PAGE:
All of this is not to say that Sally’s writing wasn’t resonating, that she wasn’t making progress. But, for good or bad, not all screenwriting competitions are created equal, so it’s up to Sally to understand the industry perception before she launches on a very public, I’m-ready-to-break-in victory lap. Don’t get me wrong: Wins, no matter how big or small, are not easy to come by as you work your way up and into the professional space. When you get them, you should absolutely take a moment (or an evening, or a weekend) to celebrate. But also understand whether such a win is meaningful for you, or whether it is capable of delivering the desired industry impact. The inability to differentiate between the two implies that Sally may not quite yet have an understanding of how this whole thing works.
By boasting that she placed in every major contest (which she didn’t), Sally effectively deflated the value of getting some traction in a number of the mid-level contests and cracking the lower levels (though not winning or being named a finalist) of the bigger contests. By telling me that they have real, bona fide interest from actors and reps, both Sally and Bob diminished the fact that they are working hard to get their material out there, even if they are not getting the desired reaction or interest in their work.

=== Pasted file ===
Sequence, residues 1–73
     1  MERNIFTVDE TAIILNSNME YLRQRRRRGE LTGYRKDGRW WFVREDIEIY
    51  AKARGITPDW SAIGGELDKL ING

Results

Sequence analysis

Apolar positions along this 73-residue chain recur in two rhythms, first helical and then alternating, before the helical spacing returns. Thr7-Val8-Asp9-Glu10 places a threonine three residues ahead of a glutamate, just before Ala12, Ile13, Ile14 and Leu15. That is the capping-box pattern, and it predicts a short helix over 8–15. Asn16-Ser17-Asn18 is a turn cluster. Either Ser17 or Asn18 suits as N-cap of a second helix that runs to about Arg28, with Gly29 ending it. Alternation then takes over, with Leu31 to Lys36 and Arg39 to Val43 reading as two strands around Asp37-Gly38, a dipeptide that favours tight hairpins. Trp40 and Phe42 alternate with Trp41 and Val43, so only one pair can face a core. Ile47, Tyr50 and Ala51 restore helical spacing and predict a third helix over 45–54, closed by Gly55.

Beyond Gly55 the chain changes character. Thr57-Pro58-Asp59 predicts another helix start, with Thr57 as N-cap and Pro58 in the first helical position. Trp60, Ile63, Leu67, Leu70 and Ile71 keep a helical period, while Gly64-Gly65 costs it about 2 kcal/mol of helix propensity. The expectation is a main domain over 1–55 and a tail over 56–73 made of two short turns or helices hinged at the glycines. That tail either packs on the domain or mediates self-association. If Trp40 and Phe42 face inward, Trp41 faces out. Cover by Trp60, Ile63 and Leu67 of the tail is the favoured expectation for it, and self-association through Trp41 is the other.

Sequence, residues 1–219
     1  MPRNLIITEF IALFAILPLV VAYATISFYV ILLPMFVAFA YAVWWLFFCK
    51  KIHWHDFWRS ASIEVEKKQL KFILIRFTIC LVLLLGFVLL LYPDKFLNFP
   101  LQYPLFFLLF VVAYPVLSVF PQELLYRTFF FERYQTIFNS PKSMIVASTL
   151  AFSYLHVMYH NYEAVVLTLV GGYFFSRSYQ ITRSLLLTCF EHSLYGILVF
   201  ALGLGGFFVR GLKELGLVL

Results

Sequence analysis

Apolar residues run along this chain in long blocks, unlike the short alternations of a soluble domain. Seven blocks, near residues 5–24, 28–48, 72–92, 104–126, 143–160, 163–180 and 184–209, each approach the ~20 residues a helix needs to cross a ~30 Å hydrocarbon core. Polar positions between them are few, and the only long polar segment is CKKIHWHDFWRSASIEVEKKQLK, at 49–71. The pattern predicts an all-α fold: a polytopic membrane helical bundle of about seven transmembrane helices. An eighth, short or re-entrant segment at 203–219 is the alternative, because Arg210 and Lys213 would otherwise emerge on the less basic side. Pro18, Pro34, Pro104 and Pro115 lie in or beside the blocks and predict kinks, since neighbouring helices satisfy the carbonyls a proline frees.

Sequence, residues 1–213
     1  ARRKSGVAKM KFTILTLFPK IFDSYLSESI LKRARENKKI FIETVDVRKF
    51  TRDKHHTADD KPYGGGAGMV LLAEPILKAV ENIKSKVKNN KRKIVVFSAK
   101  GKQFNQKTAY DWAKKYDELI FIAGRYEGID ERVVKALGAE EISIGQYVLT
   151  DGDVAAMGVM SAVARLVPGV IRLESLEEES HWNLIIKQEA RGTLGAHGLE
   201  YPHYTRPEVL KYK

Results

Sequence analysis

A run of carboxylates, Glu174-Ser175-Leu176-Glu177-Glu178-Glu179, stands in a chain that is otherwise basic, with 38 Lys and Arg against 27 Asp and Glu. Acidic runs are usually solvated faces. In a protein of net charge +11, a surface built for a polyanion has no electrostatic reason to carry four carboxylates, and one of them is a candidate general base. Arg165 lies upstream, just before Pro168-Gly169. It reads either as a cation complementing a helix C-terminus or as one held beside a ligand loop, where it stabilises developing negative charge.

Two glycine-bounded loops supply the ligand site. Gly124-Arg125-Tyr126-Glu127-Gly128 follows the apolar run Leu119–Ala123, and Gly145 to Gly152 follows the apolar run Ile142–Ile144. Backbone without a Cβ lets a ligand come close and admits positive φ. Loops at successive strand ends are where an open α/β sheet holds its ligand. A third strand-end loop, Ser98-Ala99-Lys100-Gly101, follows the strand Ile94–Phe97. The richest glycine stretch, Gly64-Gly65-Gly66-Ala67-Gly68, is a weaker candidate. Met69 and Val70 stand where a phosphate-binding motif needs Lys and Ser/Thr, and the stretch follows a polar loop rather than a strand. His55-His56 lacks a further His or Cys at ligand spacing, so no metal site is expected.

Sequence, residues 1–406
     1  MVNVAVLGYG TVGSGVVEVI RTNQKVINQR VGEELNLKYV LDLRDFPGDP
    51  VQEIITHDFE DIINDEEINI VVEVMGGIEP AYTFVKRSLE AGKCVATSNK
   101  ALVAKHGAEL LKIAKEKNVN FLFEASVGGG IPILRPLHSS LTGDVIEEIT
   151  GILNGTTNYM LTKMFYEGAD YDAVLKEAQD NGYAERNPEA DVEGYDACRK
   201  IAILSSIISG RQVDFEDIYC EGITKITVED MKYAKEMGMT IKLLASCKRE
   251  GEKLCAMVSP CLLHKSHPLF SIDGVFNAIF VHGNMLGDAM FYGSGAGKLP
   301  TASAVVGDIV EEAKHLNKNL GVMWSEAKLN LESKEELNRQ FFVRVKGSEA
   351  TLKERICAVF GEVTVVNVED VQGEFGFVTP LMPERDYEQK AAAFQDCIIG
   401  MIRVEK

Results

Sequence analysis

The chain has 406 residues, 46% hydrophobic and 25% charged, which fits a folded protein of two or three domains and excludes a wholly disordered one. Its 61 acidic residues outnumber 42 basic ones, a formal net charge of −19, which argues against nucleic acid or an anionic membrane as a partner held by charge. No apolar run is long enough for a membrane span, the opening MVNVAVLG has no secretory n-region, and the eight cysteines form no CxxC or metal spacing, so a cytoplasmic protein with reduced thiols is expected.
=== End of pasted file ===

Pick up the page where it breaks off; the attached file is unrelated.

The realities of breaking in, of making it, of getting to that elusive next level is not about the stories you can tell, but rather about the substantive steps, no matter how big or small, you regularly take. Making it is often times not sexy, not pretty, and the work that gets you there is rarely, if ever, glamorous. But do the work, understand the market, remain consistent and resilient, and odds are that you will give yourself a good fighting shot.